NOTE: Any pressing will be limited at best and must be done with a pressing cloth. Ripstop, like most nylon substrates, is no fan of direct heat. The majority of the “flattening” should be done with your own hands.
  • Scissors and/or rotary cutter and mat
  • Seam gauge
  • Seam ripper
  • Straight pins and/or clips; we found clips were a good option for securing the thick layers
  • Long, thin hemostats for turning the tiny ties – or a point turner

Getting Started and Pattern Download

  1. Download and print the Puffer Sling Bag strap pattern.

    IMPORTANT: This pattern bundle consists of FOUR 8½” x 11 sheets, which have been bundled into one PDF to make the download easier. You must print the PDF file at 100%. DO NOT SCALE OR SHRINK to fit the page. The pages are set up to print horizontally (landscape). There is a guide rule on each sheet to confirm your printout is to scale. Quilting guide lines are marked on the pattern pieces in a second color; so if possible, print your pattern in color.
  2. Cut out each pattern section along the solid line. Using the single, double, and triple arrow markings shown on pattern sections, match up these markings and butt together the sections. Do NOT overlap.Tape together to create one full strap pattern.
  3. From the fabric for the upper binding and the top ties (the royal blue ripstop in our sample), cut the following:
    ONE 2½” x 45” strip for the upper binding
    TWO 1½” x 12½” strips for the top ties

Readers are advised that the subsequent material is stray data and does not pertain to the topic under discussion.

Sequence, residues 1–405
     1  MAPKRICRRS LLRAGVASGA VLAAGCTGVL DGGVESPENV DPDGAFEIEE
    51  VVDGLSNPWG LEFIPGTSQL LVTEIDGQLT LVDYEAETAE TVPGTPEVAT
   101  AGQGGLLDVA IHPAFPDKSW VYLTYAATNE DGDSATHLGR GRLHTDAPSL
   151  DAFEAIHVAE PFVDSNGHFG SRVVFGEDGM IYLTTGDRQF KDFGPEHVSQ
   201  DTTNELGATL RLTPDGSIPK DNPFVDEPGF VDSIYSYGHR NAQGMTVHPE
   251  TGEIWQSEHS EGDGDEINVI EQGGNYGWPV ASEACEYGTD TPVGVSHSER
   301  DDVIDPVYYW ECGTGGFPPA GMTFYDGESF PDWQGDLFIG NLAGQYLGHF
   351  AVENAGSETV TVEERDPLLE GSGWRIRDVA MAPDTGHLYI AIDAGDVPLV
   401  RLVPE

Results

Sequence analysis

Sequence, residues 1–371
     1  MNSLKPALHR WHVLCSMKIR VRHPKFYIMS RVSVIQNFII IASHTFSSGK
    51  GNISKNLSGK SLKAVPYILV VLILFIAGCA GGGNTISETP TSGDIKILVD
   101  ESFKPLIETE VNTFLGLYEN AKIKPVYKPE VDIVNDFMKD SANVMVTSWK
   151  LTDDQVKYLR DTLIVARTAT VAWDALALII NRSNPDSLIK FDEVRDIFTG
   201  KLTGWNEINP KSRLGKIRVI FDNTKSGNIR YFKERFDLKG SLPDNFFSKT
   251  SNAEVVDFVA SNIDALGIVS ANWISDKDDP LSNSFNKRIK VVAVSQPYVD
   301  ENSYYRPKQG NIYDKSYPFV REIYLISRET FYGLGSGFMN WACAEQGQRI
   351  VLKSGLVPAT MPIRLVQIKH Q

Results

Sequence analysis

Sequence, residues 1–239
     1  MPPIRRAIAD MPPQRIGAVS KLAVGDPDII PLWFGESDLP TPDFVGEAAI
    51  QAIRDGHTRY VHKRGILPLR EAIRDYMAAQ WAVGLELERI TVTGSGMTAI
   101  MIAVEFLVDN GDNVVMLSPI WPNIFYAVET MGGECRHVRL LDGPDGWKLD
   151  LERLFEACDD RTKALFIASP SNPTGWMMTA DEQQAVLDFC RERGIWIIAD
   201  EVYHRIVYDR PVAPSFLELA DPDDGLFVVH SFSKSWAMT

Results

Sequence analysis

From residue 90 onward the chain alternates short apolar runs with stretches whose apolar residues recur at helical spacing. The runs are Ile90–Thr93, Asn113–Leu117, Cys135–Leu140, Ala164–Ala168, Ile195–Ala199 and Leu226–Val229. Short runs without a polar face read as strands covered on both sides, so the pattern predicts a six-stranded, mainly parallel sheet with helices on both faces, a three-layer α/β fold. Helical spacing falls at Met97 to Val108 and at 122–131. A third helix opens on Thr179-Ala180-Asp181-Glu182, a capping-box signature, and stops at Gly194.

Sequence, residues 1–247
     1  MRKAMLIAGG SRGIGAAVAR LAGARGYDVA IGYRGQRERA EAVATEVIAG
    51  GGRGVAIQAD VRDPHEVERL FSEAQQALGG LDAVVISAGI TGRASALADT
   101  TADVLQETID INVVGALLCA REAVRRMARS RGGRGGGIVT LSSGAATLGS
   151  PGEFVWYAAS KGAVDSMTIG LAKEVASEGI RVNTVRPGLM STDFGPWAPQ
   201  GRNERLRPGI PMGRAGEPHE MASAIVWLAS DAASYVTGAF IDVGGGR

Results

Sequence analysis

4. From the fabric for the interior seam binding (the fluorescent green ripstop in our sample), cut the following:
    ONE 3” x 50” strip for the base binding
    TWO 3” x 13” strips for the side binding
  5. All final cuts for the main panels and the base will be done after the free motion work is completed. This is know as “wild cutting” or “cutting blanks” – you first start with large panels, layering them to create all the stitching, then cut each down to the correct final size. Below are the blank sizes we used. You could always go larger, but we wouldn’t suggest cutting smaller.
  6. From BOTH ripstop colors AND the high loft batting, cut the following blanks:
    ONE 15” x 15” blank for the front panel
    ONE 36” x 15” blank for the body panel
    ONE 20” x 8” blank for the base panel
    NOTE: Our ripstop fabric arrived in a small bag and so had some stubborn fold lines. Because of this, after cutting our blanks, we did choose to press all the blanks to get them as flat and smooth as possible. This MUST be done with your iron on a lower setting and with a pressing cloth! No exceptions unless you want your pretty ripstop – and likely your iron – to be ruined with melted nylon. This was the only point in the construction that we used an iron.  
  7. The strap layering and final cutting from the pattern will be done towards the end of the project steps below. In preparation, cut from BOTH ripstop colors AND the high loft batting ONE 8” x 42” blank.

At Your Sewing Machine & Ironing Board


  1. All the cutting details are listed above, but we strongly encourage you to use the extra fabric and batting to cut one or two test panels, layering the two ripstop colors with the batting in between. This will allow you to confirm all your settings and practice your ruler work. In the photo below, you can see we are using a different color of ripstop to do some initial testing prior to switching to our chosen fabric. This is a good option if you happen to have some ripstop in your stash. If not, simply use the extra main fabric.
  2. In the next photo, you’ll see a few of the other tests we did during the initial design process to determine the best sizing for our scallops, the best options for layering, and more. We do talk a lot about testing and practicing here at S4H; that is because we do it ourselves and it makes all the difference in the success of the final project.